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Sassafras albidum or sassafras officinale
Also known as: Ague Tree


SassafrasSassafras is a tree of the Laurel family. There are three species, 2 of them are found in eastern Asia, and one, Sassafras albidum, is native to eastern North America. The American sassafras is the most important. It is found from small bush size to a height of 50 to 60 feet. It has many slender branches, and the hairless leaves can be of three different types (a smooth oval, a two lobed and a three lobed leaf) sometimes all three being found on the same tree and even the same branch. The roots are large and woody, with a spongy bark. The small flowers are yellow, and the fruit is a blue berry on a red stem.

The bark of the roots, formerly one of the ingredients in root beer, contains volatile oils, 80% of which is safrole. The FDA banned its use as an additive in 1960, as safrole was found to cause liver cancer in rats. The sale of sassafras tea was banned in 1976. The root bark extract and leaves are now treated commercially to produce a safrole-free product, the root bark being used as a flavoring agent and the leaves for filé powder. The safrole free extract has, unfortunately, an inferior flavor. (Safrole is similar to thujone, which is found in wormwood, and was used to make absinthe - banned since 1913).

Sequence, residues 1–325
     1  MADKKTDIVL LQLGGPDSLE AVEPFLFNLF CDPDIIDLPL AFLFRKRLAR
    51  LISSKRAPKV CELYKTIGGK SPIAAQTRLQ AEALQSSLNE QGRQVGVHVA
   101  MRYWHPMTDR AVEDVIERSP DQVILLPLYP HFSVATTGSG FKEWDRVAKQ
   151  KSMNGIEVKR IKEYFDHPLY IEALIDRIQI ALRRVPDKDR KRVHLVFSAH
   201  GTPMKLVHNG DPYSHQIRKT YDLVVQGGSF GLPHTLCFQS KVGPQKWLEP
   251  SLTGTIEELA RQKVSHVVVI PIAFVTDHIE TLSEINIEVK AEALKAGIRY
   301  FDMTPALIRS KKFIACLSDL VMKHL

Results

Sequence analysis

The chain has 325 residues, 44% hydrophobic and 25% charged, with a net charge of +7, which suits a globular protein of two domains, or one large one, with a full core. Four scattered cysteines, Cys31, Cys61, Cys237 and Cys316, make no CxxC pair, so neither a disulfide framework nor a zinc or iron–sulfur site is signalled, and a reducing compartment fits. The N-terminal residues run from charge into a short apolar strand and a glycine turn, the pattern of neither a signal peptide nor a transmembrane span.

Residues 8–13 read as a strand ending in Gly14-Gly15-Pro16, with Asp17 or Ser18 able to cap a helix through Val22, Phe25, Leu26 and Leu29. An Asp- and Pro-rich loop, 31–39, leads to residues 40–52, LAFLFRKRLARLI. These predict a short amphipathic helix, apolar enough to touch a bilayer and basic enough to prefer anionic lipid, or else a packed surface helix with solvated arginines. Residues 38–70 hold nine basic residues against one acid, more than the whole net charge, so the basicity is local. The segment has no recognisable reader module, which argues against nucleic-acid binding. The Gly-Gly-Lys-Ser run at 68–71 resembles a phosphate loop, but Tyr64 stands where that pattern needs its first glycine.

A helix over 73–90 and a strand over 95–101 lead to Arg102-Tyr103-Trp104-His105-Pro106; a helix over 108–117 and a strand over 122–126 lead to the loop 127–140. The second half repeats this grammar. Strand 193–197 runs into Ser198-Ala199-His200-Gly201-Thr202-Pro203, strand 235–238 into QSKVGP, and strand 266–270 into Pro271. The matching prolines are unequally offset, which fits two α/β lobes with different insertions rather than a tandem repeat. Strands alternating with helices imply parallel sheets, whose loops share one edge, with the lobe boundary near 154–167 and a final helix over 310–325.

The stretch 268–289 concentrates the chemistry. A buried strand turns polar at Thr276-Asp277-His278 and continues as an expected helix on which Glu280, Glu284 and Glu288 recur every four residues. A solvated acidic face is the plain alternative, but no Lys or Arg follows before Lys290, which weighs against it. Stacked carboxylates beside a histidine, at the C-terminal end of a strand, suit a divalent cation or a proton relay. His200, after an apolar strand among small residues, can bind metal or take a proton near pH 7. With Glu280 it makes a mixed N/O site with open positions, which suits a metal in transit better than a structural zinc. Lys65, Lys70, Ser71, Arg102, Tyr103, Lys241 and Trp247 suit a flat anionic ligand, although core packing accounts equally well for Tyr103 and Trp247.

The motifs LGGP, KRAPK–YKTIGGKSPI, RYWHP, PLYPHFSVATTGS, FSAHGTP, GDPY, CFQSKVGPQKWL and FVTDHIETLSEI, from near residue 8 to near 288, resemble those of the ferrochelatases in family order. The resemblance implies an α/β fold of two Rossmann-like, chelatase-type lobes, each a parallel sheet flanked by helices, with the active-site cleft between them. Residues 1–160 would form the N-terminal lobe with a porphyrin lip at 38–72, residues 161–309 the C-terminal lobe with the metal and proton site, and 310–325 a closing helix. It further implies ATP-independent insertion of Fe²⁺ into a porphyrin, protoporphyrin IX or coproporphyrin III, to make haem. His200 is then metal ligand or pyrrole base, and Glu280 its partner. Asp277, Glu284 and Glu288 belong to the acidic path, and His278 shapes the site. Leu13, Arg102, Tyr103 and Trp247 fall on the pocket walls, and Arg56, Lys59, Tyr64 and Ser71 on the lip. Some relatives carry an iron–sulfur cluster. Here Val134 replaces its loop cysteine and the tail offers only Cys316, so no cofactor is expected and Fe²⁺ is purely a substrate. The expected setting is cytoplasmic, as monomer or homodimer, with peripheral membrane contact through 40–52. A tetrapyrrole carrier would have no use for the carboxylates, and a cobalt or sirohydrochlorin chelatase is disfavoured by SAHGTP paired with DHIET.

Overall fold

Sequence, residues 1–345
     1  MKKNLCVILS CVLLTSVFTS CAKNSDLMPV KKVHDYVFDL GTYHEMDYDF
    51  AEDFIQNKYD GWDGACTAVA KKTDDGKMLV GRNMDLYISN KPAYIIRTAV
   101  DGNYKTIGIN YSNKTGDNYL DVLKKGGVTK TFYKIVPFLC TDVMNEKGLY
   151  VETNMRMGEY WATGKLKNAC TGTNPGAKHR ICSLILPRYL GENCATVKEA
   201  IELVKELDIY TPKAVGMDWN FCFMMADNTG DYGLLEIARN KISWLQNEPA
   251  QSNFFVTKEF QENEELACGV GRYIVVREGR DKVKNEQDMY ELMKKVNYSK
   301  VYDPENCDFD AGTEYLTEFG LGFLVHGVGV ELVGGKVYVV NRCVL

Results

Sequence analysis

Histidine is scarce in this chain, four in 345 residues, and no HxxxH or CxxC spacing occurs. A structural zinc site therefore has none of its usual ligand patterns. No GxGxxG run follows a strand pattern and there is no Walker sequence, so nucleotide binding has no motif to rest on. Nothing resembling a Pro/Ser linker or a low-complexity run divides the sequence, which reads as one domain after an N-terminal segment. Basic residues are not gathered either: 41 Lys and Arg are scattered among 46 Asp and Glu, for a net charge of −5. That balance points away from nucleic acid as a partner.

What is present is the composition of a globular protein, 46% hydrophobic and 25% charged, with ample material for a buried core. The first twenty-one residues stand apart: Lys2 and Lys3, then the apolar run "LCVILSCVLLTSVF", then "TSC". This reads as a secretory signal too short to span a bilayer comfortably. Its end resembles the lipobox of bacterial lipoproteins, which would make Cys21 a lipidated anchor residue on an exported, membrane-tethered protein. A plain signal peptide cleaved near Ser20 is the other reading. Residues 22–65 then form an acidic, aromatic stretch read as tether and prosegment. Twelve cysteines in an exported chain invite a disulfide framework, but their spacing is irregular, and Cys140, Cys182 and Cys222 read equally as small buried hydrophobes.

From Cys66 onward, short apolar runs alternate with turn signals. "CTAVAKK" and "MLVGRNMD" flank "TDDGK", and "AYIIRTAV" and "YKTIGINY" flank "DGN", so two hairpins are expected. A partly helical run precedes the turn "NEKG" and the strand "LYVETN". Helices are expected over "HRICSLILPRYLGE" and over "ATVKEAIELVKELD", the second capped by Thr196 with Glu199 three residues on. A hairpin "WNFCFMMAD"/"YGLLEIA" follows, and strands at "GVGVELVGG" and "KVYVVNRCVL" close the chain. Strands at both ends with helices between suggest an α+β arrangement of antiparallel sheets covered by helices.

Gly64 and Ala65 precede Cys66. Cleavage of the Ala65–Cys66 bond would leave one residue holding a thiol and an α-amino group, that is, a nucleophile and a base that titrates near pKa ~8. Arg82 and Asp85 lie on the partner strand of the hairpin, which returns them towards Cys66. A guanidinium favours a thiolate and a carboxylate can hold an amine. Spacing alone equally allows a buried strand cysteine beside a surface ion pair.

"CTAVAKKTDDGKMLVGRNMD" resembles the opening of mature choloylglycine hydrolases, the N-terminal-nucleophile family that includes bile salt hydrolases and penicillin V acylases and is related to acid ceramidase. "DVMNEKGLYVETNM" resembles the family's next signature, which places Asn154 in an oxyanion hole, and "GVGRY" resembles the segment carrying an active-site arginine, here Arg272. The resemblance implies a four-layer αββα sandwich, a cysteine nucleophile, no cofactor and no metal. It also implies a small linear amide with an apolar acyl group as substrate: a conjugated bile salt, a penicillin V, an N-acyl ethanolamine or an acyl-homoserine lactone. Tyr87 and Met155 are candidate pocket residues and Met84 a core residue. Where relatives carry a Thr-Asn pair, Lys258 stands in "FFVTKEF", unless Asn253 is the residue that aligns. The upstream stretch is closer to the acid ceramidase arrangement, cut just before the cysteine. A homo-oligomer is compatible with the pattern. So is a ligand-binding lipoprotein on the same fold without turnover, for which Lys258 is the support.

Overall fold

It is not possible to make a safrole free extract at home.


The root bark has long been used medicinally by native Americans, and this knowledge was passed on to early settlers, probably to the Spaniards in Florida. Sassafras was one of the earliest American plant drugs to reach Europe, having been used medicinally in Spain as early as the middle 1500's, and was cultivated in England sometime before 1633. The early settlers also fermented the roots with molasses to make beer, and during the Civil War sassafras tea became popular. Today the (safrole free) root bark extract is used in perfumery, as a flavoring for candy, beverages, and to make an aromatic tea.

The Choctaw Indians first used the dried ground leaves as a seasoning and thickener, and today the dried leaves are used to make filé powder (gumbo filé) which is used to thicken and flavor soups and stews in Créole cooking. (See also Gumbo)

Chef James EhlerThis article is from Chef James Ehler of Key West, Florida.

James is a webmaster, cook, chef, writer and (like me) a self-confessed computer nerd. He is the former executive chef of Martha's Steak & Seafood Restaurant and the former Reach Hotel (both in Key West), the Hilton Hotel in Fayetteville, Arkansas, and the New Bern Golf and Country Club, North Carolina.

He is now webmaster and cook at the Blue Heaven Restaurant in Key West while he works on his Food Encyclopedia (five years so far). It is well worth paying a visit to James' food reference website which is a useful resource well worth Bookmarking - to visit either website just click on their title:

The Food Reference Website
The Blue Heaven Restaurant, Key West, Florida

© James T. Ehler, 2001
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